NARRAGANSETT- When the infant god Hermes discovered the tortoise outside of his dwelling, he shouted, “I will do you no disgrace, though first of all you must profit me.” Hermes was the god of travelers and trickery, language and hospitality. Yet his first act was to transform the tortoise into the lyre, an instrument which sang of all the qualities that Hermes protected. The Romani have indeed profited from their music and nomadic experiences throughout Europe, and the Bohemian Quartet hopes that audiences can relive their tales.
The Bohemian Quartet, a four-piece string band founded by violinist Stan Renard in 2005, will bring traditional Romani music to the ears of local residents once more, playing this Sunday at 2 p.m. at the Towers. The Quartet borrows its name from the original band which formed in 1891 in Budapest and disbanded in 1934, a time in which Romani music was sweeping through the cafes and restaurants of major European centers such as Paris and Vienna.
“Most people know about the Romani culture and their wanderings,” said Christine Harrington, cellist of the Bohemian Quartet. “We always make a point that the music was used for all events in their lives.”
The group is comprised of Renard, violist Nancy Richardson, Harrington, and bassist John DeBossu. Renard, a classically trained musician, became heavily influenced by Romani music during his youth. He studied and recorded the traditional, eastern European melodies and has played with Romani musicians, using these experiences as the foundation for his arrangements.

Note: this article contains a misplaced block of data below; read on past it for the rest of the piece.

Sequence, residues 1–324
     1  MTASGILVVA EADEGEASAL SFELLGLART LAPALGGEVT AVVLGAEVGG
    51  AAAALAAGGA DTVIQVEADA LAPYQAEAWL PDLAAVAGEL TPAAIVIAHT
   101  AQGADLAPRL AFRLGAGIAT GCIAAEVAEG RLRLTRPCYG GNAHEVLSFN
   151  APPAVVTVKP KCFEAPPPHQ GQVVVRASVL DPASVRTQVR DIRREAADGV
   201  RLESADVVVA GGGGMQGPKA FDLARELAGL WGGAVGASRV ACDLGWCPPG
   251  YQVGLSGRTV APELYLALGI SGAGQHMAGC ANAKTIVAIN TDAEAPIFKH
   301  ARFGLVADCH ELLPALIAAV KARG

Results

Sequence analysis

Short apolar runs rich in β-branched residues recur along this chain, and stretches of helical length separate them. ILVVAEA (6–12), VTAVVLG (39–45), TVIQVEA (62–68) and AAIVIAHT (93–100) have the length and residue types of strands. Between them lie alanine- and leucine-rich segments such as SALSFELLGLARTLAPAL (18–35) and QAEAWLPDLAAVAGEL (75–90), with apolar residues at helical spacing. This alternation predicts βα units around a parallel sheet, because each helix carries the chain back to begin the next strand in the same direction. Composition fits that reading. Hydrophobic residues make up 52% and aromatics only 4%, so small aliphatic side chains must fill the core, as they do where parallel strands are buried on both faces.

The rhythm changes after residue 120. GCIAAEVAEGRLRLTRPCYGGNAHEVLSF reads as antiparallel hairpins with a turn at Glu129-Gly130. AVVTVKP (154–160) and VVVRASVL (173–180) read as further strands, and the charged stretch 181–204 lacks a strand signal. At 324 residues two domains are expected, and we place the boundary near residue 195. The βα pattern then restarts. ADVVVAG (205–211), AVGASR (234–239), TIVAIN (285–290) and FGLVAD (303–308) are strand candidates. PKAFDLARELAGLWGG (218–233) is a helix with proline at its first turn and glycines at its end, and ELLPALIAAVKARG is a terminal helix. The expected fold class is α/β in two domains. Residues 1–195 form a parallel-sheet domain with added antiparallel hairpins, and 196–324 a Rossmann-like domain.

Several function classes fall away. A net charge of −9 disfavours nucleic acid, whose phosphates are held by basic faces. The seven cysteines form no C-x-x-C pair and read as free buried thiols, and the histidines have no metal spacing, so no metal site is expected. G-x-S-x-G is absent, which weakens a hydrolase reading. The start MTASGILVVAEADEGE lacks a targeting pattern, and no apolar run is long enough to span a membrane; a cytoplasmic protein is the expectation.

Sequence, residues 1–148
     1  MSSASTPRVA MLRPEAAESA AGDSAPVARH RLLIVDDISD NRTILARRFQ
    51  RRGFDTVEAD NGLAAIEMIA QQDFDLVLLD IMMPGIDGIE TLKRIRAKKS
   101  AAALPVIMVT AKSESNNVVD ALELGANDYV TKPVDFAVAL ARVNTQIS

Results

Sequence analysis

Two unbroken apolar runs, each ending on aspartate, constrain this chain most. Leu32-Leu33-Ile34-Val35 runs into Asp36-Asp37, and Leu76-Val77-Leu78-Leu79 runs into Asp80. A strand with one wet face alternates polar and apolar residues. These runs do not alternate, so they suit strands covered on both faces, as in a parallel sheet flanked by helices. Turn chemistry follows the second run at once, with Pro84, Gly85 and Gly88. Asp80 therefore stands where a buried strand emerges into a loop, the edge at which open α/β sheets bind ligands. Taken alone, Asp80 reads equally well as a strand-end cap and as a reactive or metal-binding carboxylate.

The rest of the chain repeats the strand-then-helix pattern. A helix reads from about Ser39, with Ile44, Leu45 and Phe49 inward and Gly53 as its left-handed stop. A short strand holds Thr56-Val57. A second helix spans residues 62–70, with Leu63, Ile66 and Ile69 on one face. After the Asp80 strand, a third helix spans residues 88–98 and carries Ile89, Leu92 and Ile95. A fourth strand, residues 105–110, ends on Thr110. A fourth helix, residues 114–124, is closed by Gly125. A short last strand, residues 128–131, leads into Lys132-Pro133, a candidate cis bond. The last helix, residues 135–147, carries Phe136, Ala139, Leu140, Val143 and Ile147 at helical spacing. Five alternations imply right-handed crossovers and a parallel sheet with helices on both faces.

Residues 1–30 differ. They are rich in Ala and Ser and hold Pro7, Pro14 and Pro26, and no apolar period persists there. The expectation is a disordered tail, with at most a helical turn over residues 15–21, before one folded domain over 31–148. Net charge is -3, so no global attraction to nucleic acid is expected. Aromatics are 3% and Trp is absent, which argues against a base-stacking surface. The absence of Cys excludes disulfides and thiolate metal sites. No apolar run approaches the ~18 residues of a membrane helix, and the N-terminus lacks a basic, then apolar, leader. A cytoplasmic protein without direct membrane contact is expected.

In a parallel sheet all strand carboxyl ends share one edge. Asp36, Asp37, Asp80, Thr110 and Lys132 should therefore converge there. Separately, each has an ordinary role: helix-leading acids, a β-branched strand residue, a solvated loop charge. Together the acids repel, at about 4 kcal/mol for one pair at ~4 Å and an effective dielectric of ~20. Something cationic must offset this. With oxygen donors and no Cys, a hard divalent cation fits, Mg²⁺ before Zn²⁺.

The music itself plays like a nocturnal journey through some primordial forest. The twists and turns are unpredictable, the strings of the violin often race frenetically to an end it cannot see. The cello and bass then bring the tired listener almost to a standstill as they gather their breath, slowing down the pace of the Romani song. Yet The Bohemian Quartet evokes a familiarity in their music which acts as a guiding hand. The musicians’ passion for their traditional songs shines through in their live performances.
“People have told me that they thought they would not like our music, but then you can’t sit there and not be affected by the excitement of the music,” said Harrington.
“I know our excitement comes across to the crowd, and we get energy from the audience,” she added.
The Romani people, also referred to derogatorily as ‘Gypsies,’ wandered throughout Europe playing their music and suffered much persecution, particularly as lesser known victims of the Holocaust during World War II. They sometimes settled, but often relied upon their musical prowess in order to impress enough of a city’s residents for monetary donations. The modern day Bohemian Quartet would not have been so successful without similar aid.
“We have been so fortunate to be supported by grant money from the RI State Council for the Arts, especially at a time when they are receiving cuts,” said Harrington.
As the infant Hermes finished making the tortoise into the beautiful lyre, he rejoiced, yet he desired more. The Bohemian Quartet also strives to bring many more listeners, new and old, to seek the full and energetic stringed atmosphere of the traditional Romani music they so passionately love.
If you go
The Bohemian Quartet will be performing at the Towers in Narragansett on April 17 at 2 p.m. Admission to the event is free and is sponsored in part by RISCA. Visit www.thetowersri.com  for more information about the show, and www.bohemianquartet.com  to learn more about the musical group.